New 9-day fortnights for Educators
While the Education and Care sector across the country continues to be plagued by significant systemic issues causing critical workforce shortages, Child Australia determined to buck the trend. We recently took a deep dive to better understand the needs of our staff.
“Recent staff engagement feedback highlighted that Educators were ideally looking for a healthy work-life balance. Being responsible for children in your care means that the priority of an Educator is to be on alert at all times. This can be stressful at the best of times, let alone during a pandemic mixed with flu season and a broader workforce shortage. It’s tough when there is no respite and educators can’t simply choose to work from home as many other professions, so we had to think outside the square” said Child Australia’s CEO, Tina Holtom.
The Education and Care sector has been well documented as being hit hard with high levels of burn-out during the pandemic, which is worsening with the burgeoning workforce crisis. From asking families to collect their children due to staffing shortages, through to full centre closures, educators aren’t just riding a wave, they’re being hit by a tsunami.
Ms Holtom said “Supporting staff wellbeing alongside ensuring enrolled family needs are met is our key priority. After researching global strategies, we landed on a few exciting ideas with the 9-day fortnight gaining the most interest. It’s certainly not a traditional approach for the sector but we’re all about thinking and doing things differently”.
Changes implemented will see full-time employees work their 75 hours over 9 days and receive their same salary, all while unlocking an additional 26 days off per year. There is no disruption to enrolled families, and staff get to enjoy more time for themselves.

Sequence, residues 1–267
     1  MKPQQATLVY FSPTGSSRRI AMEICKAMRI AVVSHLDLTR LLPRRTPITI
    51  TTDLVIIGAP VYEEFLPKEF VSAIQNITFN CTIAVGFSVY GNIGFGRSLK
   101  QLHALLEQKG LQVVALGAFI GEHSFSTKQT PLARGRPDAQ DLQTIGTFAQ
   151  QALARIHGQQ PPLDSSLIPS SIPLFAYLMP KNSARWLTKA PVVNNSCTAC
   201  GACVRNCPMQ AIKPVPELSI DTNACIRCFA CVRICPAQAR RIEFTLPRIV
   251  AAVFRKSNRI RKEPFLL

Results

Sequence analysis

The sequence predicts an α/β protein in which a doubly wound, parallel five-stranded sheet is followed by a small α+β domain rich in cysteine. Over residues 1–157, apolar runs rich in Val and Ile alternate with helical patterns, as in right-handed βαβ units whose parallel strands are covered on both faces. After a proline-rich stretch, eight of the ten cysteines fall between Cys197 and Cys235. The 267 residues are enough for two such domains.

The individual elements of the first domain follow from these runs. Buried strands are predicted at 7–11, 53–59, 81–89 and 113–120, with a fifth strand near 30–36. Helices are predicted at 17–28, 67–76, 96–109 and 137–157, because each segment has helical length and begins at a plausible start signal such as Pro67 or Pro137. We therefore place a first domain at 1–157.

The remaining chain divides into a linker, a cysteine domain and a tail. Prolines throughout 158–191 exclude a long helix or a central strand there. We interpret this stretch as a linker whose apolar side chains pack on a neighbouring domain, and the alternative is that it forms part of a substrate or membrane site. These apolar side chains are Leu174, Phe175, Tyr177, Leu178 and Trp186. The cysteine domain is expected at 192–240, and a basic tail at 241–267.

Participation in the pilot is voluntary and it is being rolled out through Child Australia services in Western Australia and the Northern Territory. “We understand this concept will not fit everybody’s lifestyle, but we are always looking for ways to innovate and improve the working environment for our educators”, said Ms Casey Girdlestone, Manager of Practice Improvement.
“People are the heart and soul of our organisation. The positive outcomes of providing our people with options means that we encourage a greater focus on their overall wellbeing. There is extensive research on the links between positive educator – child interactions, and the long term benefits for children. Our educators can only bring their absolute best when they feel valued, supported and well-rested” stated Ms Holtom.
The 9-day fortnight pilot is one of many initiatives offered at Child Australia. The organisation is deeply committed to staff with a minimum of 5 to 15% above award wages, significant childcare discounts, ongoing professional development and leadership programs, along with a formal Awards and Recognition program.